2. I received an email from one of my colleagues, concerned that my post may have violated copy write laws. This was my response. I invite any input from anyone out there


    I (was initially concerned about that). However, after reading the stuff posted on Project Gutenberg, I decided that the story was evidently not owned by anyone anymore.

    Below is the stuff from Project Gutenberg, which I thought had a good reputation in that regard. If they don't, please let me know.

    I certainly believe STRONGLY in defending both copywrite laws and intellectual property rights. If I violated either, it was because I was convinced, by what I read at the Gutenberg site, that I was not violating them. And, if I did, I'm far more than happy to pull it down, as that was absolutely not my intention, and would fly in the face of my heart-felt beliefs.

    Perhaps I was fooled by what I read, or did not pay close enough attention to the legalistic sounding jargon. Let me know what you think. I was leery at first, then became convinced it was okay. But, now I'm concerned again.

    And, perhaps this is something we could discuss on another post. Or, even in the comments section of this one.


    Below is what was posted on the Project Gutenberg site, along with the story I posted in my post.

    Above the story, was this note:

    This etext was produced from Science Fiction Stories 1953. Extensive research did not uncover any evidence that the U.S. copyright on this publication was renewed.

    Beneath the story, was this information:

    ***** This file should be named 31516-h.htm or 31516-h.zip *****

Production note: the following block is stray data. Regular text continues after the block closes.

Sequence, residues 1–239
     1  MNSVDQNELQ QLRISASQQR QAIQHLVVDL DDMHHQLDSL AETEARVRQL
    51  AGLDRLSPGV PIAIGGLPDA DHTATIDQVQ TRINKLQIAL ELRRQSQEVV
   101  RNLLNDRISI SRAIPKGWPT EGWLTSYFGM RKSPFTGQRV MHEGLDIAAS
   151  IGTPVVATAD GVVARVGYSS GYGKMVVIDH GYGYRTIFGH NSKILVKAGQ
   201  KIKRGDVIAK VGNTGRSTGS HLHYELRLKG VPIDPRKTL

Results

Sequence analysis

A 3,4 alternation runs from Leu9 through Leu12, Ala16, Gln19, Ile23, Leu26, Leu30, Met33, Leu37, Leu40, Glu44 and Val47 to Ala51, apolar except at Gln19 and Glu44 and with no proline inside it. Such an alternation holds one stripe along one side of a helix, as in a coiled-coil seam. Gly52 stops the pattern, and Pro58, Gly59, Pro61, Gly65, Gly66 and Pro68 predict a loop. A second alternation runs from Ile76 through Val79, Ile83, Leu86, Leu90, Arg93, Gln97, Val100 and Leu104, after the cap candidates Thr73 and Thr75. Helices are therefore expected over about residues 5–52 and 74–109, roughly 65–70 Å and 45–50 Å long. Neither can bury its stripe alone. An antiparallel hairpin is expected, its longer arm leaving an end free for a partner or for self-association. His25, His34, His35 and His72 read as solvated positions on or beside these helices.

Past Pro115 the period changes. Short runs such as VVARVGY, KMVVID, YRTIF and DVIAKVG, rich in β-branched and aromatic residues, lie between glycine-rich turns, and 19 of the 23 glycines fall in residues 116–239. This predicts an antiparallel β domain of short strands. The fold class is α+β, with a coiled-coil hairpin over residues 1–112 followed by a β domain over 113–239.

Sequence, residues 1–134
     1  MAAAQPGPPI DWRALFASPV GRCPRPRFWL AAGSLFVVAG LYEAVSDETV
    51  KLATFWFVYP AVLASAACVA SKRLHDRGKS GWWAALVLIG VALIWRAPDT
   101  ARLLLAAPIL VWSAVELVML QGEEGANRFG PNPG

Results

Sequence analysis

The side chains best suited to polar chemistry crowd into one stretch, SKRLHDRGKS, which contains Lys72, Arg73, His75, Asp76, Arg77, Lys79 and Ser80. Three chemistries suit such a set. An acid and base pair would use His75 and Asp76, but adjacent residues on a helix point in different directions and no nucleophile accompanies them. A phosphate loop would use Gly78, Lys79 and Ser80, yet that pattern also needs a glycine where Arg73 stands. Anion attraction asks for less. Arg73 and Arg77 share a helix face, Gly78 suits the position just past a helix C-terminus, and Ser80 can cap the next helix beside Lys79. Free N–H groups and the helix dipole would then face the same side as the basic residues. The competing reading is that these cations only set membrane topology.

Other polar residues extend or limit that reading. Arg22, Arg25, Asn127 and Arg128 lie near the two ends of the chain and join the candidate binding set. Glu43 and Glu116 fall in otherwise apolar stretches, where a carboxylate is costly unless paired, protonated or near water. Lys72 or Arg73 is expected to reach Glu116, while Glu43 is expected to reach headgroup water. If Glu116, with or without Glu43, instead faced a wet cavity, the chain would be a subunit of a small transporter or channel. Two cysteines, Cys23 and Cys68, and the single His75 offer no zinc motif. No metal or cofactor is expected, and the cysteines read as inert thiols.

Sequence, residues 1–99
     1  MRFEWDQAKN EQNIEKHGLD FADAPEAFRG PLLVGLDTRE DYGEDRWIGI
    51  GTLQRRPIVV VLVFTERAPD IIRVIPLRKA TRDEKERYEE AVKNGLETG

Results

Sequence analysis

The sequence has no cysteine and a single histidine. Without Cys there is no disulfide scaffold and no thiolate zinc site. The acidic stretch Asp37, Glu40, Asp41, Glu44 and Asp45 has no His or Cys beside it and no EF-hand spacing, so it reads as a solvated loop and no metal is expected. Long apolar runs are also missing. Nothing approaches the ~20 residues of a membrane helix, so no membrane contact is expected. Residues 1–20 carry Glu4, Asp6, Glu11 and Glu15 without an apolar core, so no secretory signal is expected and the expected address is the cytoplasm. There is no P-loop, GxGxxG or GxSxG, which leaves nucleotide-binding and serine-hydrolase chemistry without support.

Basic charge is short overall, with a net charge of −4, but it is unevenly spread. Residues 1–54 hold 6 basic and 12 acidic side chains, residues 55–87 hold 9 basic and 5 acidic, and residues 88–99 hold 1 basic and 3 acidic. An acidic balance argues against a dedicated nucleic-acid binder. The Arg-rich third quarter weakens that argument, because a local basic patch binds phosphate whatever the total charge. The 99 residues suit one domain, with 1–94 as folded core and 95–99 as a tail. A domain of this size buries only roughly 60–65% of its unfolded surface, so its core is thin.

This and all associated files of various formats will be found in:

    Produced by Greg Weeks, Barbara Tozier and the Online
    Distributed Proofreading Team at http://www.pgdp.net

    [continued in next comment]

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  8. So, that's what I read on Project Gutenberg's site, which convinced me I would not be in violation of copy write, nor infringing on anyone's intellectual property rights.

    HOWEVER, in our current e-society I feel we must be careful not transgress such things. And, unfortunately, sometimes those who champion the internet do not so strongly hold with my beleifs in this area.

    What do you think? Is this post a violation of copy write or intellectual property rights? Please let me know. Perhaps the post should be removed.


  9. The word is copyright -- one word, not copy write!

  10. You knoq, anon, you're wrighte. Sorry. I'm pretty tired at the moment. And, I think I accidentally spelled it copywrite for some reason, then caved in when spell check caught the error but provided an incorrect substitution.

    What can I say but: Darn it, I feel stupid!

    Thanks for catching it, buddy,

  11. Dixon, so sorry to hear your dad's not doing well, but glad you're able to assist him with the doctors' visits.

    I confess I was disappointed to see that you'd posted someone else's story because I enjoy your personal works so much, but the story was certainly an excellent choice, and I thoroughly enjoyed it.

    I read all that info on Project Gutenburg, but I never doubted that the story was free usage or you wouldn't have used it. So far as Anonymous's notification of how to spell "copyright," that's why God put copyreaders in the world of professional publications--to catch those typos we all make, especially when stressed by power problems and concern for an ill, beloved parent who was so devoted to one's mother. Please extend my best wishes to your father as well as hope that the doctors are able to help him.

    That's a long enough comment for so late in the day, but I was tied up all day in a doctor's office with my grandson who got a good report.

  12. This was funny! I hadn't read this one and I've read a lot of P.K.D.